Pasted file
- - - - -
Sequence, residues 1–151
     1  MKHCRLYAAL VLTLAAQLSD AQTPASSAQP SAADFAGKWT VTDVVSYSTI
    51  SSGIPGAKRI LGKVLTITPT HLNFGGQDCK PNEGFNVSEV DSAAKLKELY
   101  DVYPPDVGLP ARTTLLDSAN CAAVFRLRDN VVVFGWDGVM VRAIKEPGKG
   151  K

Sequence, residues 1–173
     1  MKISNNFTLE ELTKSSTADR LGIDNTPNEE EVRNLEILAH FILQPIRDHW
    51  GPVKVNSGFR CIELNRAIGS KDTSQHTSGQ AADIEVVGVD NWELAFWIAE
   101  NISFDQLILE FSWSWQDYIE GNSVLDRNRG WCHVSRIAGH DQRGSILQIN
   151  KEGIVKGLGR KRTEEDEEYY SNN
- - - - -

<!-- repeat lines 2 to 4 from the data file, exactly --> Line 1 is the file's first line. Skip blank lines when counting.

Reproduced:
     1  MKHCRLYAAL VLTLAAQLSD AQTPASSAQP SAADFAGKWT VTDVVSYSTI
    51  SSGIPGAKRI LGKVLTITPT HLNFGGQDCK PNEGFNVSEV DSAAKLKELY
   101  DVYPPDVGLP ARTTLLDSAN CAAVFRLRDN VVVFGWDGVM VRAIKEPGKG